Memoirs of James Robert Hope-Scott, Volume 2
Robert Ornsby

Part 2 out of 5

in point. 'Your impression of Rome (he writes to Mr. Badeley, October 16,
1847) appears to be similar to that of most who see it for the first time;
but it grows upon one, and the recollection will be deeper than the present

There is a pleasing note to Mr. Hope, dated December 20, 1844, from Mgr.
Grant, then Rector of the English College at Rome, and afterwards the well-
known Bishop of Southwark, one of the most beloved and venerated friends of
his Catholic period. It merely gives information to assist him in visiting
St. John Lateran's, and promises to send an order for St. Peter's. It
concludes characteristically: 'I shall be too happy to serve you whenever I
can be useful. Although you do not think so, you will find that _little
people_ are not without some use; and, in the hope that you will allow
me an opportunity of proving that I am in the right, I remain, with many
thanks for your kindness, &c.,--THOMAS GRANT.' I may here also give a short
letter of Bishop Grant's, of later date, illustrating their friendship, and
including some traces of its beginning at Rome:--

_The Right Rev. Dr. Grant, Bishop of Southwark, to J. R. Hope-Scott,
Esq., Q.C._

June 23, 1853.

My dear Mr. Hope-Scott,--The _frescoes_ have arrived, and I hasten to
thank you for a gift, valuable in itself, but most dear to me, because it
will ever remind me of the beginning of that friendship which has always
been so pleasing to me, and which forms one of the consolations that are
allowed to me in the midst of the weighty duties of my present state--
duties which I little expected when we quarrelled peacefully about Swiss
guards and troops of soldiers lining St. Peter's on grand days.

When you next visit the churches and antiquities of Rome, Mary Monica will
catch up the ardour that will then probably have gone by for you and
myself, and will wonder why you care so little for them; and if I am with
you I fear I shall be more tempted to tell her of the quiet rooms in Via
della Croce, when I first knew her father, than of the Arch of Drusus, or
other pagan monuments that once entertained our attention.

Yours very sincerely,


Mr. Hope-Scott had a high admiration for this saintly Bishop, and used to
speak of him as '_the_ Bishop,' always meaning by that Bishop Grant.

Early in 1845, and not many weeks after his return to England, Mr. Hope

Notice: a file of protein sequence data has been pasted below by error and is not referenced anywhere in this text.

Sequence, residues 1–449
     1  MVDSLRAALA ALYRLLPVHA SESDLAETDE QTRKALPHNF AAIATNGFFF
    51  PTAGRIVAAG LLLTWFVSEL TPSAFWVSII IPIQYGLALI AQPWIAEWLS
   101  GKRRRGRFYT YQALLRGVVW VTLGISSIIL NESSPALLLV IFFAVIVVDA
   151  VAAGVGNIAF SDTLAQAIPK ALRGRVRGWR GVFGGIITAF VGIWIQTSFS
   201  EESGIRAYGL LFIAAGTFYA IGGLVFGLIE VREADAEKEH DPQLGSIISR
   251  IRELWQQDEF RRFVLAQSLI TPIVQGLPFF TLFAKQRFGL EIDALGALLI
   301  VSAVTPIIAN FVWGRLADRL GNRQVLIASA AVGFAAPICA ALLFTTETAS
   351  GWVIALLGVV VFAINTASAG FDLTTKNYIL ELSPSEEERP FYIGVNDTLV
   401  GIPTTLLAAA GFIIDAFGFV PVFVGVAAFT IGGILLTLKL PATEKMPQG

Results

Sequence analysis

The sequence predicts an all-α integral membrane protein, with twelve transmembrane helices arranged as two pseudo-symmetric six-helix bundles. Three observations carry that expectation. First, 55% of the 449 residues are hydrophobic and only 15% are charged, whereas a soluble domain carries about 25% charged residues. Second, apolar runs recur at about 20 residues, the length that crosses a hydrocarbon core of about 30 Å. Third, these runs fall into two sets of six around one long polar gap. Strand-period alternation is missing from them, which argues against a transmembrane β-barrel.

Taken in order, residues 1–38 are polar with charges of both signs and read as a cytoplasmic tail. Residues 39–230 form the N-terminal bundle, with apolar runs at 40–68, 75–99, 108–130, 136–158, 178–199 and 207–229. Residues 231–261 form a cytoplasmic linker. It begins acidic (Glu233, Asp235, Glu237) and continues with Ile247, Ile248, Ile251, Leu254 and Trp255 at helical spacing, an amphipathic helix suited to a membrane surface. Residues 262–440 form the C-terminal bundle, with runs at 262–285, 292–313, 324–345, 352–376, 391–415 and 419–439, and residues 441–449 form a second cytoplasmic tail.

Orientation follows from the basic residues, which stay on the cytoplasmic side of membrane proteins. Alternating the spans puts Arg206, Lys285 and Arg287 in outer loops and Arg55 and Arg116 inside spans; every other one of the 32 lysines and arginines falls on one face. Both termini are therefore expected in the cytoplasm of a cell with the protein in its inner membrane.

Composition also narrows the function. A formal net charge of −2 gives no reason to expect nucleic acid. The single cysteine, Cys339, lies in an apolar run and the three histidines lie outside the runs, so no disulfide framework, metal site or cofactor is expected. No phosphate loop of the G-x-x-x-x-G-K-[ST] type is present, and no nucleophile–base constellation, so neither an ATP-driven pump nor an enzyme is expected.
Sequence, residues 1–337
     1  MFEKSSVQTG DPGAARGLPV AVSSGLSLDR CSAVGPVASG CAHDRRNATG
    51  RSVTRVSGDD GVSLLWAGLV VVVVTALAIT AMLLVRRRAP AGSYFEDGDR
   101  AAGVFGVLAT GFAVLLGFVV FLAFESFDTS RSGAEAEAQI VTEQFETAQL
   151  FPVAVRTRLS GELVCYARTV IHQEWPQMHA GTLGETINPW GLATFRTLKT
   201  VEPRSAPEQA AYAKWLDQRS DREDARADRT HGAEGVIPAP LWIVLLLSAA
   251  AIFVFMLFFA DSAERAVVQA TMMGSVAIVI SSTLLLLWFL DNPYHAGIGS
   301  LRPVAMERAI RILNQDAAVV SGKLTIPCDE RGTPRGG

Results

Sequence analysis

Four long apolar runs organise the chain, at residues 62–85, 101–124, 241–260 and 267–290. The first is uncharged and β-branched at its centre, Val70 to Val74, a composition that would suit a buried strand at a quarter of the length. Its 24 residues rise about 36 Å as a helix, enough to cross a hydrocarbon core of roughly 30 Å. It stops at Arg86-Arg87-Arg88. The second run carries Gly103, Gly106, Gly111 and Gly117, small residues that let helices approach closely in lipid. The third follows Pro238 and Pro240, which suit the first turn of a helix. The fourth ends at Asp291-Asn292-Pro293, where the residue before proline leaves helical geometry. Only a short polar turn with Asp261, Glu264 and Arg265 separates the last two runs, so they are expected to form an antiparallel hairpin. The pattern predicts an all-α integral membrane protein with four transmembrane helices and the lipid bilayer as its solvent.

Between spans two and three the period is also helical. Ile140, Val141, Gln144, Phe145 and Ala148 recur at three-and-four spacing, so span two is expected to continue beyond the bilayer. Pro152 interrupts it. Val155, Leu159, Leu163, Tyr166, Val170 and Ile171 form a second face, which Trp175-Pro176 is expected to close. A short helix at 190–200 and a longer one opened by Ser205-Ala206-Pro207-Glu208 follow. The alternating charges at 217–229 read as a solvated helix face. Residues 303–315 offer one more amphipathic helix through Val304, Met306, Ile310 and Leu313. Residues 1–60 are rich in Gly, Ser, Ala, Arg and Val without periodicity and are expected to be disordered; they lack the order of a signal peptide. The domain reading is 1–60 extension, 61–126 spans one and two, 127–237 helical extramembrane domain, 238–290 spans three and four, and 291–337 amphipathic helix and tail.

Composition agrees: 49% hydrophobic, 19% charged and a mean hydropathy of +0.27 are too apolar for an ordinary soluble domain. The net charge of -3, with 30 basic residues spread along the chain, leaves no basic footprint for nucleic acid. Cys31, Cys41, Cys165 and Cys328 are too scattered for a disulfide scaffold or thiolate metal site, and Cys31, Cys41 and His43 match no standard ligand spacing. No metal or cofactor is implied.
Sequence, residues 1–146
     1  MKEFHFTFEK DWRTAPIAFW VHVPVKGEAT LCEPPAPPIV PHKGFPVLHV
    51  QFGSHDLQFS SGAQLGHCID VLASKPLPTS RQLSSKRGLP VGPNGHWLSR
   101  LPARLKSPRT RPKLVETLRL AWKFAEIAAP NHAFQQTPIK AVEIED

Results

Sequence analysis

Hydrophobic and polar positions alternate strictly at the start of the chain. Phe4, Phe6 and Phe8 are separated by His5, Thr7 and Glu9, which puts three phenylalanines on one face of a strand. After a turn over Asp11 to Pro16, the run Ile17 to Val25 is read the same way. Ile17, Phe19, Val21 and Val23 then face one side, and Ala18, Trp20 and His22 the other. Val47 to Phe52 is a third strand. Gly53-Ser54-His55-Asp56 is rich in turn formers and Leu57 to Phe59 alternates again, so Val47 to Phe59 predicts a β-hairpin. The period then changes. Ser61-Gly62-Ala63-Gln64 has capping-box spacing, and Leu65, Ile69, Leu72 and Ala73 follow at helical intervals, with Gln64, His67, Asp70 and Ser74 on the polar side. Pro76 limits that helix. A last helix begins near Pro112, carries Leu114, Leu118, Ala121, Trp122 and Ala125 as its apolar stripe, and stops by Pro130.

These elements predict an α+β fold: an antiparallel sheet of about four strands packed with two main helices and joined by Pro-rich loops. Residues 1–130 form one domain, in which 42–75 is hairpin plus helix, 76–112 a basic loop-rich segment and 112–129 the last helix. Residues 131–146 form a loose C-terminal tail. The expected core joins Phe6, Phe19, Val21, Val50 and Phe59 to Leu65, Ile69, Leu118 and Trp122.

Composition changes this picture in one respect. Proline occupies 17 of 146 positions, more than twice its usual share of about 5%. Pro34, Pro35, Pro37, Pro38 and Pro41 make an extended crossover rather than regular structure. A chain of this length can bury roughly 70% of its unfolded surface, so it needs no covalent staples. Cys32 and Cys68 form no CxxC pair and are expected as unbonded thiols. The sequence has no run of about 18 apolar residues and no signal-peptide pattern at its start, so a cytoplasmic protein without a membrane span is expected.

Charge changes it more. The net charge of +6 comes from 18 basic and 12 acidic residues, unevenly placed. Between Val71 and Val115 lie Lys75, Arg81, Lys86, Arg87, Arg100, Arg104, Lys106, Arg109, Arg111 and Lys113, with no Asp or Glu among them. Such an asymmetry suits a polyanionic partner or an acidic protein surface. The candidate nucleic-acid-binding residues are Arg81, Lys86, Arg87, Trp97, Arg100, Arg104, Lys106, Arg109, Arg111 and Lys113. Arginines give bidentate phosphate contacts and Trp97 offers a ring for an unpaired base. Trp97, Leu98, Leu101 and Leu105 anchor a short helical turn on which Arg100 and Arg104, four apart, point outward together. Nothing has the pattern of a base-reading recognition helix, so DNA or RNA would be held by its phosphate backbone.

resigned his chancellorship of Salisbury. It can scarcely be doubted that
misgivings as to his religious position, more apparent perhaps to us now
than they then were even to himself, were among his leading motives for
taking this important step; although the immense accumulation of his
business before the Parliamentary committees must have rendered it
difficult for him, even with his talents, to hold with it an appointment
like that in such times; and feelings of friendship for his successor, the
present Sir Robert Phillimore, may also have influenced him. The date of
the resignation was Feb. 10.

The judgment of Sir Herbert Jenner Fust in the celebrated 'Stone Altar
Case,' by which wooden altars only were permitted, was a severe
discouragement to the Tractarian party, being felt to interfere with the
idea of sacrifice. From the following passage of a letter (undated) of Dr.
Pusey's to Mr. Hope, it appears that he (Mr. Hope) had endeavoured to take
a more favourable view. The letter probably belongs to Feb. or March 1845.

I do not know whether the opinion you give is as to law previous to Sir H.
J. F.'s decision, and as a ground of appeal against it, or as to what would
still be allowed. Would his judgment preclude our having a stone slab,
either upon stone pedestals or a wooden panelled altar? I have comforted
others with the same topic you mention, that wooden tables are altars by
virtue of ye sacrifice, and so that this decision really alters nothing.
Still, it does seemingly, and was intended to discountenance the
doctrine.... It must be confessed, too, that this decision of Sir H. J. F.
is a defeat--only an outward one, and availing nothing while truth spreads
within. Still it is well to neutralise the sentence as much as we can.

Ever yrs affectly,


Notwithstanding this, Mr. Hope is remembered, after the adverse decision,
to have despondingly asked, 'Where is the use of fighting for the shell
when we have lost the kernel?'

Among the other agitations of that time was the prosecution instituted in
the Court of Arches by Dr. Blomfield, Bishop of London, against the Rev.
Frederick Oakeley (the late Canon) for views which he had expressed about
the Blessed Sacrament. Canon Oakeley, in a conversation I had with him in
1878, gave me the following information as to the part taken by Mr. Hope as
his friend and adviser in this case, and general recollections of him. He
had resolved to let the case go by default, partly because he felt
convinced that it was sure to be decided in favour of the Bishop, as those
cases always were; partly because he disliked a subject like the Blessed
Sacrament to be bandied about by the lawyers in that way. Mr. Hope, on the
other hand, urged him to place himself in the hands of counsel, and thought
a good case might be made by reference to books on canon law and Roman